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COVID reboots havoc on local businesses

Innisfail restaurants making challenging health-related decisions, even without provincial orders

INNISFAIL – The rising number of delta variant COVID cases has closed one local restaurant business due to a staff member’s positive case and convinced another to just shut down because it’s in the community’s best interest.

And there’s another restaurant owner who is now considering doing the same, even without being forced by the province, if that should ever come.

On Sept. 9, Boots and Barrels Restaurant and Bar on Main Street announced on Facebook that the business was closing until further notice.

“Due to the high rise in Covid cases in our community and the new restrictions in place by the government, we feel it is in everyone’s best interest to take a break and see how this situation unfolds,” the Facebook post said.

This decision was not an easy one to make, but one we felt necessary for the well-being of our staff and community.

“Once the government provides more updates on restrictions/lockdowns, we will re-evaluate our situation.”

The Albertan attempted to get additional comment from the owner at his restaurant but he declined. A sign was posted on the restaurant’s front door saying there would be further social media updates.

East of the Boots and Barrels location on Main Street near Hwy. 2A, there is a sign on the door of the local A&W fast food restaurant stating it was closed due to a positive COVID case with a staff member.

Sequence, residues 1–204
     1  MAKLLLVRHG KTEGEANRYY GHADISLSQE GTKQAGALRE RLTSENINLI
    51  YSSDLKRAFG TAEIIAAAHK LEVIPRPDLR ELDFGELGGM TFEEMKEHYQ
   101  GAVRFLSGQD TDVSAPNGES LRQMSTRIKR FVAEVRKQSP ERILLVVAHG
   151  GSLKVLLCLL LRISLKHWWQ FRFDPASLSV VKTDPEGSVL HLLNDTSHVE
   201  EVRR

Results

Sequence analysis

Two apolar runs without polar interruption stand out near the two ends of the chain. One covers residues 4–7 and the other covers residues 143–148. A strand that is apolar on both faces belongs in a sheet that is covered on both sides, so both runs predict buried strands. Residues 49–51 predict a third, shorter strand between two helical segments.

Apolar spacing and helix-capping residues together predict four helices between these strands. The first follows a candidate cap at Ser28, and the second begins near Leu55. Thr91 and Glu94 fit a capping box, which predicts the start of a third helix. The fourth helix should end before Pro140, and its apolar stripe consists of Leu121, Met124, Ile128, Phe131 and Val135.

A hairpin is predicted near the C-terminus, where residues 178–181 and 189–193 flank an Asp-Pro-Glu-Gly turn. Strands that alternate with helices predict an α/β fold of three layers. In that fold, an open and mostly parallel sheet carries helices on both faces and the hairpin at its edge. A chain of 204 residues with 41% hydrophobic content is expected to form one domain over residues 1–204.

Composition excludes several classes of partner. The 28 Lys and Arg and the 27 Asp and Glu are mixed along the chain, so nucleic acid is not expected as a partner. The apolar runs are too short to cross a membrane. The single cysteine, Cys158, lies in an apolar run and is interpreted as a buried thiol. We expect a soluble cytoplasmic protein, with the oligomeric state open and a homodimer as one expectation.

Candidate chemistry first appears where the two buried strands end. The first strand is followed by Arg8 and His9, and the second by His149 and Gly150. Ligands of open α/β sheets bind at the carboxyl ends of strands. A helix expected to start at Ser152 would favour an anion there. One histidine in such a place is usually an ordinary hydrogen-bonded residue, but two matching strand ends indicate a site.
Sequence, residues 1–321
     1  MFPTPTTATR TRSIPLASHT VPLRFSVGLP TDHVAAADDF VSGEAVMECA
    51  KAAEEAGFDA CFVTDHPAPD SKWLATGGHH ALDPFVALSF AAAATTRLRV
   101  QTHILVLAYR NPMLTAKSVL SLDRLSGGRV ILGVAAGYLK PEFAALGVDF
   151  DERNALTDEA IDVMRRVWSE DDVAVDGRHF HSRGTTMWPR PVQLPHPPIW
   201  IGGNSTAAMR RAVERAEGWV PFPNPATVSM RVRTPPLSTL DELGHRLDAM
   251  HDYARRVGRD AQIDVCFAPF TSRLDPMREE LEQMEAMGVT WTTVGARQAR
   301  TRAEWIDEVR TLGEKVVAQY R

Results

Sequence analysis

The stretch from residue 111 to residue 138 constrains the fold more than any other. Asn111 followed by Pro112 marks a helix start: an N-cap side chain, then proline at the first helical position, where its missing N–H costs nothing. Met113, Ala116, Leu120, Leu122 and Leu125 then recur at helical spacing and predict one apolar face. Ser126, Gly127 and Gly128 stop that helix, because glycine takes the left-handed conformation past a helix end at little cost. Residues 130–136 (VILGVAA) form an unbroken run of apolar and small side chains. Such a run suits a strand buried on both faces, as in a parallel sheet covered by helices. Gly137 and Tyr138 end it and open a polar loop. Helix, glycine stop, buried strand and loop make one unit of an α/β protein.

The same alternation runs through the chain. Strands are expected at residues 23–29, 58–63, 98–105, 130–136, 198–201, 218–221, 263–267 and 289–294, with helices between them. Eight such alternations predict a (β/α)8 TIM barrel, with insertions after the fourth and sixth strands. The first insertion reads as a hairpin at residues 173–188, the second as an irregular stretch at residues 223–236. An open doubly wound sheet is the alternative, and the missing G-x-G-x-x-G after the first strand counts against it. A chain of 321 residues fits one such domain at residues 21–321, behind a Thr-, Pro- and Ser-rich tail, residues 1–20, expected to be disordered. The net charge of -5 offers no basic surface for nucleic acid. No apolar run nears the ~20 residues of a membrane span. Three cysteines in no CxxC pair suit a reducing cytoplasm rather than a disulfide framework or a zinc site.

“As a precaution, we have decided to close our restaurant to complete a thorough cleaning, sanitizing and disinfecting process and are following the guidance of the public health authority,” said the A&W notice, adding the restaurant would open as soon as it is safe to do so for guests and employees.

Meanwhile, the COVID cases impacting local businesses has caught the attention of the owners of The Coffee Cottage, a restaurant that voluntarily closed their in-house dining areas between the second and third waves of the pandemic, despite not being required to do so.

That decision, said co-owner Dale Dunham, was made because he and partner Shaun Steen did not want to put their staff and themselves at risk, as well as wanting to do their best to keep the community safe.

“That has always been a big thing for us,” said Dunham, adding he and Steen are considering another self-imposed closure of dining areas should the current escalation of delta variant-driven COVID cases continue.

He said it was believed the pandemic-related update by the province on Sept. 6 would include tough new business restrictions, including those for in-house dining, but none were brought forward.

“Obviously they didn’t but it is something we have talked about,” said Dunham. “We are not at a point yet where we are going to do it ourselves. We are still waiting for some direction from the government. Unfortunately, the direction we are seeing isn’t instilling much confidence in us.”

He said the situation would be talked about last weekend as they have many staff members to support, as well as their families.
“But ultimately it comes down to keeping each other safe, and that will ultimately be the decision-maker for us. Right now, they are talking about the numbers (positive cases) being bigger than at the third (wave),” he said.

Dunham also noted the weather has remained good, which has allowed many patrons to eat outside with take-away dishes. He added take-away food orders represents about 80 per cent of their business.

 



Johnnie Bachusky

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